Making the case for solid-state storage

Caching with solid state

The other basic implementation is to use solid-state storage as a cache in front of spinning disks. This method has the advantage of always accelerating the hot data in real-time, since only the hot data is likely to be in cache. And because the solid-state storage is acting as a cache, there's no need for an administrator to decide what data should be placed on it. The basic questions here are what size cache is appropriate and which workloads should be directed toward the cache to make the best use of the solid-state device.

Some solid-state caching solutions are built into existing storage systems, while others are delivered as external appliances. Adding flash memory as a cache inside a storage subsystem in effect provides a "level 2" cache not unlike the L2 cache found on many processors inside today's computers. This added cache capacity improves performance for most if not all operations. In addition, because flash memory is non-volatile, this cache provides some extra protection in the event of power loss. But issues such as cache coherency, and whether the cache is DRAM based or flash memory based, remain. Generally, a cache is tied to one processor or controller, and there are various cache management functions that can be applied to allow caches to work properly with multiple processors or controllers. In addition, storage systems that use caching can add special features to their internal OSes that are aware of the cache and can provide additional flexibility, such as the ability to assign different I/O priorities for I/O going to different volumes on the storage system.

The caching appliances add the benefits of cache without requiring changes to any existing servers or storage systems. These appliances fit easily into the storage network and can accelerate all I/O going through them, even sending data to different storage subsystems at the same time. Many of the appliances can be set to write-back, write-through or pass-through for any given volume they accelerate. Some of the caching appliances are constructed in such a way as to allow their memory modules to be hot-plugged, so maintenance or growth can occur without taking down the entire appliance.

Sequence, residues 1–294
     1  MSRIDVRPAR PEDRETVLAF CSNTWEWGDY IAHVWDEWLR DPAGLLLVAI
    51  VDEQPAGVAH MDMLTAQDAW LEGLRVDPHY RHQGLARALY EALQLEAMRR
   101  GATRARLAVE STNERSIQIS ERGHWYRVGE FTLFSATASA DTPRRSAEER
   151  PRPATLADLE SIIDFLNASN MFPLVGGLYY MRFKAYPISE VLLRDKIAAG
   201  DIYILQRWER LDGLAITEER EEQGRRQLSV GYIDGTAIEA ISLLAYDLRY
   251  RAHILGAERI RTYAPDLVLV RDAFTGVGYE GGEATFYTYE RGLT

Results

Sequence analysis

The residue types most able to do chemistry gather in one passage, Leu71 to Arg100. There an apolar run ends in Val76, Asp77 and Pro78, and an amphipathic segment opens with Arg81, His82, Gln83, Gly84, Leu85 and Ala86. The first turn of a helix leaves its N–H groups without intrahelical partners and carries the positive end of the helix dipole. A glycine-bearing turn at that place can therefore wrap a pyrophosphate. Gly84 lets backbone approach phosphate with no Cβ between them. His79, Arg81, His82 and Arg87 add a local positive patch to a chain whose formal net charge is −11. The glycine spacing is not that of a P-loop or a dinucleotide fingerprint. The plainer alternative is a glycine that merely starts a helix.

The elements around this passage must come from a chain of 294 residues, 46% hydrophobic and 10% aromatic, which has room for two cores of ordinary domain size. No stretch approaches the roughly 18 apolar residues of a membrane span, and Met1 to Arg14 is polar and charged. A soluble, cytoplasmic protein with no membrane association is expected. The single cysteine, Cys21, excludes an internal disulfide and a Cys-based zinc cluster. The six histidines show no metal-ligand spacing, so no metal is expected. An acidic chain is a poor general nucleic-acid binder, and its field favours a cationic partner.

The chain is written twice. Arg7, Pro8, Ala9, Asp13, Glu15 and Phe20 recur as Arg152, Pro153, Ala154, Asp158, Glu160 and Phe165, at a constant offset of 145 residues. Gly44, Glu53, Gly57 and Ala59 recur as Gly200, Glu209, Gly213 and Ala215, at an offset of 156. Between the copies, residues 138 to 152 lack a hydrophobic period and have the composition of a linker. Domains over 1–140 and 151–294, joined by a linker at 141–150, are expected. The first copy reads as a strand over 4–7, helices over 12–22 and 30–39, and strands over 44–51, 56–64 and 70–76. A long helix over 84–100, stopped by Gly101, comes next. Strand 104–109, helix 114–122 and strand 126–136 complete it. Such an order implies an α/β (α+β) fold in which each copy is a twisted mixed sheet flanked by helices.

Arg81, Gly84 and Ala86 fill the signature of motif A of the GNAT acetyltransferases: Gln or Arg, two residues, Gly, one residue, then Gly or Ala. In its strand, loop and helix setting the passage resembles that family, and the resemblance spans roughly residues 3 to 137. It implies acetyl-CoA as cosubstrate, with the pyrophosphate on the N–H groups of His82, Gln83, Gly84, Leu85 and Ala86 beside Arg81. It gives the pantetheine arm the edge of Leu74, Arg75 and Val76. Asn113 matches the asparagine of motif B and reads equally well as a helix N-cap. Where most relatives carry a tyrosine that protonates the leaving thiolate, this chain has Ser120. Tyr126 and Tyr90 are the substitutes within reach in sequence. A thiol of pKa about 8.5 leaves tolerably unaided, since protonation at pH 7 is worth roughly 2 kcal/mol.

The big question for a caching implementation is how much cache is enough. For many workloads and applications, a relatively small amount of cache (5% to 20%) relative to the total storage allocated to that application is enough to provide significant performance improvements. For other workloads, the cache needs to be large enough to hold the entire volume to achieve appreciable performance gains.

It's all about performance
Solid-state storage, however it's deployed, offers the promise of significant performance gains. We've seen results of seven to nine times overall performance gains in our lab testing for various real-world applications (email, database, etc.) when configured optimally for the application.

With performance gains of that magnitude possible, what's not to like? Certainly, pricing is a factor. However, consider some of the current methods that are used to increase performance for spinning disk drives, such as "short stroking" spinning disk drives. Short stroking spreads data over many disk drives by using only a portion of the capacity of each drive for data, so that as many "spindles" as possible can be applied to improve performance. To achieve desired performance goals, some users short stroke some of their enterprise disk drives using ratios of 7:1, 8:1 or 9:1, which means they're using only 1/7th, 1/8th or 1/9th of the available capacity on each drive. If the price of an enterprise SSD is 10 to 15 times the price of the spinning drives being short stroked, it may make sense to move that application data to enterprise SSDs and get the required performance while using much less power and space.

Almost all data storage system vendors now offer configurations that use a combination of solid-state storage and enterprise SATA storage instead of arrays full of enterprise spinning disk drives. These new configurations typically offer higher performance, equivalent capacity, lower power consumption, smaller space requirements and lower total hardware costs.

BIO: Dennis Martin has been working in the IT industry since 1980, and is the founder and president of a computer industry analyst organization and testing lab.

This was first published in June 2010

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